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These are replies submitted by lcz

@Carl Love Thank you for telling me. I understand now. I remember you mentioned it to me before, but I forgot the specific post where it was.😊

@Carl Love Nice. What does op(4,G) represent? It seems not to be an edge list after relabeling.

For example, 


it shows me:

Vector[row](3, [{3}, {3}, {1, 2}])

Now, I don't want to classify them; I would like to obtain the final set of non-isomorphic graphs.



@dharr Great! I wonder why SageMath only provides a version for directed graphs and not for undirected graphs. Perhaps it is also based on the same (or similar) algorithm due to Tarjan.

g = graphs.OctahedralGraph()
undirected_cycles = [ c for c in g.to_directed().all_simple_cycles() if len(c)>=4 and c[1]<c[-2] ]


@Carl Love I'm not just referring to that. I mean the design of op(4,inputgraph), which doesn't care about the vertex label of the input graph but instead uses i to correspond to the i-th vertex of op(3,inputgraph) , i.e., Vertices(inputgraph)​​​​​​​.

I did not see any explanation of op(4,inputgraph) in the Maple help documentation.

@Carl Love I have looked at many graphs, and the rules are indeed like this. I don't know if the Maple help documentation mentions anything related to this.

@tomleslie Indeed, I noticed that the starting point inIsChordal may  reconstruct  the input graph. However, for the readability of the output of IsChordal , I believe it should return the vertex labels of the input graph in the end.


proc (G::GRAPHLN, { eliminationordering::truefalse := false, 

   usecached::truefalseFAIL := FAIL }, ` $`)::truefalse; local 

   ischordal, L, A; A := op(4, G); ischordal, L := MaximumCardin\

  alitySearchImpl(A, true); if eliminationordering then return 

   ischordal, L else return ischordal end if end proc

Moreover, this isomorphism mapping seems to be determined at the beginning. Otherwise, searching for it through the isomorphism function at the end may not be efficient.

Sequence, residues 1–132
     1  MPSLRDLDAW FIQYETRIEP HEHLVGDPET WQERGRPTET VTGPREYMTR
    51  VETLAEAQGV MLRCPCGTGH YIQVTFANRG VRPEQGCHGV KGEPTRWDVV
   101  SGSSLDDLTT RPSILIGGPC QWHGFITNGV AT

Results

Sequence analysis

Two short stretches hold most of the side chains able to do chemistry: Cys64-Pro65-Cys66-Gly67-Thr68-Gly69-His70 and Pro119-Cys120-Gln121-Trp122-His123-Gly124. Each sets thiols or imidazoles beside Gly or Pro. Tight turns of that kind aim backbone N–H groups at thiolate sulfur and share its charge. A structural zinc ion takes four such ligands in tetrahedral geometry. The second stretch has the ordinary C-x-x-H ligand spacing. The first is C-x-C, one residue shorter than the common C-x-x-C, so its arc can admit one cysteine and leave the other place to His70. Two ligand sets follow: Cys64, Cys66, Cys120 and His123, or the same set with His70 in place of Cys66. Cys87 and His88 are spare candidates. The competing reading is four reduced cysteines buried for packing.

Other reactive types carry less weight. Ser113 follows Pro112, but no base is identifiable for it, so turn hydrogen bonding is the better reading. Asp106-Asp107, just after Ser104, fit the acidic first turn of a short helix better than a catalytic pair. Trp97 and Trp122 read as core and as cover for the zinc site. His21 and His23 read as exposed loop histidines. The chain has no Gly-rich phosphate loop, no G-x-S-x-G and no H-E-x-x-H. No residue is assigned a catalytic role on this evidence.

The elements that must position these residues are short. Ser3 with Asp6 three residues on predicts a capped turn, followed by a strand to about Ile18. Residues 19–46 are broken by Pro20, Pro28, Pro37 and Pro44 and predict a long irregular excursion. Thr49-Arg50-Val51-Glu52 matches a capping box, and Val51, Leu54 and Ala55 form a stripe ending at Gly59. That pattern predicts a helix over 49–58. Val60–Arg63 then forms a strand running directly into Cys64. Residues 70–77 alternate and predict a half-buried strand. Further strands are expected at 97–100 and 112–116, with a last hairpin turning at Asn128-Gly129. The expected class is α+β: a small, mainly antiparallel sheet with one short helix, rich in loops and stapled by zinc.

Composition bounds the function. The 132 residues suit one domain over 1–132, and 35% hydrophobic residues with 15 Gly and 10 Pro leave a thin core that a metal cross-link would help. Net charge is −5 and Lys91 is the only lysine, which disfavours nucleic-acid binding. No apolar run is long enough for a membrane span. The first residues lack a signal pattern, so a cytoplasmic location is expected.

@Carl Love You are right!  The goal of efficiency is unrealistic for a general graph. The DOMINATING SET problem in an undirected graph G is the problem of determining, for a given positive integer k, whether G has a dominating set D in G satisfying |D|≤ k. This is a well-known NP-complete problem.

  •  A.V. Aho, J.E. Hopcroft and J.D. Ullman, The Design and Analysis of Computer Algorithms (Addison-Wesley, Reading, MA, 1974).
  • M.R. Garey, D.S. Johnson and L. Stockmeyer, Some simplified NP-complete graph problems, Theoret. Comput. Sci. 1 (1976) 237-267.

Which article are you referring to when you mentioned the algorithm for finding the domination number of triangle-free graphs? Recently, I saw a new interesting monograph on domination sets. I would be happy to recommend it. 

  • Domination in Graphs: Core Concepts (Teresa W. Haynes, Stephen T. Hedetniemi, Michael A. Henning) Springer.

@vlineze In fact, your use of "break" twice here is equivalent to using break i. See the answer by Rouben Rostamian

@Rouben Rostamian  Thank you very much. I'm aware of this command break. ( In fact, I copied codes from there.) I was just curious. As for Carl Love's statement about the inefficiency (in terms of execution time?) of "goto," it goes against my intuition as well.  As  sursumCorda mentioned, in many programming languages, "goto" is actually efficient. However, it is not recommended for use due to its detrimental effect on code readability and logical structure.

@Axel Vogt The "goto" statement does not appear to be documented in the help documentation.

@Carl Love Indeed, the previous title was too cumbersome. I have simplified it.

@Carl Love Your code is very cool!  Although I can't understand right away why it can find a minimum dominating set (the underlying principles behind it), one method I know of for finding a minimum dominating set (or the domination number) is to convert it into an integer programming problem. 

See page 450 of the  book "Computational Mathematics with SageMath" (


@dharr That's great. I didn't notice there was a similar question before. I still accept the length. However, it would be best to return a shortest closed  spanning walk for checking.  The length you give is exaclty Hamiltonian number.

@vs140580 To be honest, I didn't understand the requirements of your original post, especially, the second one:

  •  ii) An edge in  the list H will occur exactly twice only in the entire list of graphs

I think it's best to ask a question with a small example.

See this link and tomleslie gave a maple solution.

Or use is_subgraph in sagemath (maybe more efficient).

G = graphs.PetersenGraph()
H = Graph({1: [2, 3, 4]})
L = list(G.subgraph_search_iterator(H, induced=False)) 


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